Halloween Safety Tips

Halloween offers adults and children alike the opportunity to become someone else for a night and indulge their inner sweet-tooth. The holiday’s natural association with horror and thrills need not prevent parents from allowing their children to take part in traditional activities by following a few simple guidelines. It also provides an opportunity for familiess to spend time together and create their own holiday memories.

Trick-or-Treating Safety Tips

Make sure that children trick-or-treat in a group accompanied by several adults. This may be accomplished by collaborating with several friends and organizing a meeting time. Discuss appropriate behavior with children before the night begins, such as declining any offers to go inside someone’s house.

Avoid the potential for losing children at night by trick-or-treating before dark. Sunset typically occurs around the US between six and seven pm. Start the candy route around 4:30 and end at dusk. Allow children to walk door to door down one street at a time and transport them between neighborhoods in vehicles.

Incorporating reflective material or flashers into a child’s costume is an easy Halloween safety tip to follow. Sew a strip of sequins or sparkly material onto the base of candy totes and the hems of costumes. Flashers are available at many grocery stores in Halloween shapes and can be worn around the neck or tied to the handles of tote bags. These devices will help a parent to keep track of a child’s location while preserving the child’s sense of independence.

Inspect the “loot” collected at the end of the night before digging in. Spread candy out on the table and discard any pieces that are not individually wrapped. Pieces in torn wrappers should be treated similarly to avoid eating any candy that may have been tampered with. Enjoy some of the well-deserved spoils of the evening and place the rest in jar to use as rewards and treats throughout the holiday season.

Halloween Activities for Families

If trick-or-treating is not possible or not desirable, be proactive about Halloween safety by enjoying the holiday at a group party or alternative event. Television’s obsession with crime dramas leaves many parents feeling squeamish about allowing their children to go door to door asking for candy at dusk. Community centers often offer Halloween parties that include bouncy play gyms as well as fair-like games and mazes. Local churches frequently provide alternative parties that celebrate the season without the scary costumes.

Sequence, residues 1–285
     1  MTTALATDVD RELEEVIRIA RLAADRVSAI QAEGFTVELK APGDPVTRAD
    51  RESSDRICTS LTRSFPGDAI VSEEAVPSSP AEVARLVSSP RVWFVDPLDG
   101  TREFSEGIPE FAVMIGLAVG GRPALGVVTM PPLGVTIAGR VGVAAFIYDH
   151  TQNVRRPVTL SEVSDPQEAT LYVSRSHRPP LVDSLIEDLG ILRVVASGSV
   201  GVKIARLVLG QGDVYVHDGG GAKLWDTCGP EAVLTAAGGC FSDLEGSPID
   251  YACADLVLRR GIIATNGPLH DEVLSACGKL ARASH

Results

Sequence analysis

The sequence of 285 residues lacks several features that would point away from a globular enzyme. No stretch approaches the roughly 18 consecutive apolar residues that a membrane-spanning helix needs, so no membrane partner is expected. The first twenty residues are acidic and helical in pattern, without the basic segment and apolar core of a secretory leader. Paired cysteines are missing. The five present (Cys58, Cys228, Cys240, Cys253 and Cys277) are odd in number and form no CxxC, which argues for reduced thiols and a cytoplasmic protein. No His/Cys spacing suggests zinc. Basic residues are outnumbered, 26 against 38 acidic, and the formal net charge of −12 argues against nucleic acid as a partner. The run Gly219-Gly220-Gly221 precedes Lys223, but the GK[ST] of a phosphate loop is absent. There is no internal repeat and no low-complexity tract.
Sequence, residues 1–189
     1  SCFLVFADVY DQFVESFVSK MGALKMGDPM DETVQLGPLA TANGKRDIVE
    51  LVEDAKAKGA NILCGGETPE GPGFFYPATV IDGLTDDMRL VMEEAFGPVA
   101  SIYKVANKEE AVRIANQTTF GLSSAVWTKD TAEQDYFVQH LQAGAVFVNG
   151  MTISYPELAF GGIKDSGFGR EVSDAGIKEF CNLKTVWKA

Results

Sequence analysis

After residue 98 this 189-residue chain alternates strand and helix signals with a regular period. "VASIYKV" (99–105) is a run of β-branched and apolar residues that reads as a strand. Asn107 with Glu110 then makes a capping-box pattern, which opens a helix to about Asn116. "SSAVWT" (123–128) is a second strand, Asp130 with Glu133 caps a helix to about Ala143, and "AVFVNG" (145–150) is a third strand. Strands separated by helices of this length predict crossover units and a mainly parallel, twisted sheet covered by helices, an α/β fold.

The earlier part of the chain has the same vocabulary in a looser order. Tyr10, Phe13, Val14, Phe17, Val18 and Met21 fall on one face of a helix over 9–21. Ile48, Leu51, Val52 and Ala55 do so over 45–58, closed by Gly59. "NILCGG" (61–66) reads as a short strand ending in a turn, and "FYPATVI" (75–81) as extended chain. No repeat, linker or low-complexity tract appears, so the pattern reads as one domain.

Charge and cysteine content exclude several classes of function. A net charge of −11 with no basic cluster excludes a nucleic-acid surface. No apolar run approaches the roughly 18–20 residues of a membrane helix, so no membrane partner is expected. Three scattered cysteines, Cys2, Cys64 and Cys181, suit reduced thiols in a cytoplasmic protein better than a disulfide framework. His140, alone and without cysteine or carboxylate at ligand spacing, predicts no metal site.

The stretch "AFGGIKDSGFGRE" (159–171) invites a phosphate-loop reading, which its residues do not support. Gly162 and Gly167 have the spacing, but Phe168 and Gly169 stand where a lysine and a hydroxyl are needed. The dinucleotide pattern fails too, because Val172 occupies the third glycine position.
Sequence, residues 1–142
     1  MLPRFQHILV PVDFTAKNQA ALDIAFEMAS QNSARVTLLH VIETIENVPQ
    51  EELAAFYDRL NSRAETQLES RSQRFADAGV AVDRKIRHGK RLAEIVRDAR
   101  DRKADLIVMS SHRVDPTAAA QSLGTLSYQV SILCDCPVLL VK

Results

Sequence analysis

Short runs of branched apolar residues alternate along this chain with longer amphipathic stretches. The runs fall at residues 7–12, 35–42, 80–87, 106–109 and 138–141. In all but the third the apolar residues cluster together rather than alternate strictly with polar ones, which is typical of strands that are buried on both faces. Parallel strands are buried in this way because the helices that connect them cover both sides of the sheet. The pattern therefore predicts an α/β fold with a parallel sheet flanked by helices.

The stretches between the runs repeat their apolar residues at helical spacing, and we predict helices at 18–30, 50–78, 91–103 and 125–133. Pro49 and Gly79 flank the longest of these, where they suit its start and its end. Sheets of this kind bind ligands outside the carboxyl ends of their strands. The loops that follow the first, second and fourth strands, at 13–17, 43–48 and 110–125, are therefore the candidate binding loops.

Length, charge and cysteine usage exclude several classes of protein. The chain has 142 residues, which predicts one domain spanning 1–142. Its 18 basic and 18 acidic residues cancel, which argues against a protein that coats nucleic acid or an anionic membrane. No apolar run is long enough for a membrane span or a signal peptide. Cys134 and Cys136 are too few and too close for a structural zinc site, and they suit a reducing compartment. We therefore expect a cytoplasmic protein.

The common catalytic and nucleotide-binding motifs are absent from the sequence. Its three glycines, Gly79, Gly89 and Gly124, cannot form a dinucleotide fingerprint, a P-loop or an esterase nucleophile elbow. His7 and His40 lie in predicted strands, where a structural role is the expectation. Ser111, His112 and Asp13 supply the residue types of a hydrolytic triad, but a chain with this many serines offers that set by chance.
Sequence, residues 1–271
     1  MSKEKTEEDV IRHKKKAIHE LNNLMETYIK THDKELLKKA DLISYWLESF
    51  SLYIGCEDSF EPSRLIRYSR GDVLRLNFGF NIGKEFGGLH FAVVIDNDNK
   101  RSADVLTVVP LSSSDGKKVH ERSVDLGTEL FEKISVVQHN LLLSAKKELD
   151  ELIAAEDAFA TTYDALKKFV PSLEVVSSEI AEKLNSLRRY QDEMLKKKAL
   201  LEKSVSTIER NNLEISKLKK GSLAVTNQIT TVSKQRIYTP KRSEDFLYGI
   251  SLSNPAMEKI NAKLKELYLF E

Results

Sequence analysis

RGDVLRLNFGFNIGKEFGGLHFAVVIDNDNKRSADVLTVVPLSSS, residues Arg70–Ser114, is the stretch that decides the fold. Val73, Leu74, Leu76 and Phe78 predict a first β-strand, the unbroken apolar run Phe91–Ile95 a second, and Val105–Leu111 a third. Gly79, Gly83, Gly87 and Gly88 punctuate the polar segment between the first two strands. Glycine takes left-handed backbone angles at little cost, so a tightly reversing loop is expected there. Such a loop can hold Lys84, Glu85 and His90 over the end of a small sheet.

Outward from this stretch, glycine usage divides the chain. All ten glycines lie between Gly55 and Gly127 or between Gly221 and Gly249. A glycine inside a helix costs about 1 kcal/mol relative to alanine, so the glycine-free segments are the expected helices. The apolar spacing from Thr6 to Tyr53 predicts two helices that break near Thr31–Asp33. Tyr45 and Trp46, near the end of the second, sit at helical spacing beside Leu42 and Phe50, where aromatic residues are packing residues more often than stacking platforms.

Throw a Halloween party in the neighborhood. Turn several yards into a haunted maze that children can easily navigate. Provide face painting for small children. Hold a street-wide costume contest or yard-decorating competition. This will offer an opportunity for neighbors to get to know one another and promote community.

Instead of going out, spend the evening indoors creating personal Halloween traditions with the family.

  • Hold a costume contest in which every member participates. Vote for the favorite and provide a fun prize all can enjoy.
  • Carve individual pumpkins. Most grocery stores offer safety blades that allow children to carve their own pumpkin without the fear of harming themselves. Very young children can decorate small pumpkins with markers.
  • Make a Halloween buffet together, putting scary twists on family favorites.
  • Take turns telling and inventing scary stories.
  • Pull sleeping bags and pillows into the living room for a “sleepover” and watch a suspenseful movie or classic Frankenstein together.

Halloween does not need to be a time of fear, and by following a few Halloween safety tips, it can easily be transformed into a fun event that each family member looks forward to as the end of October approaches. Be creative and find new ways to celebrate fall that each age group can enjoy.

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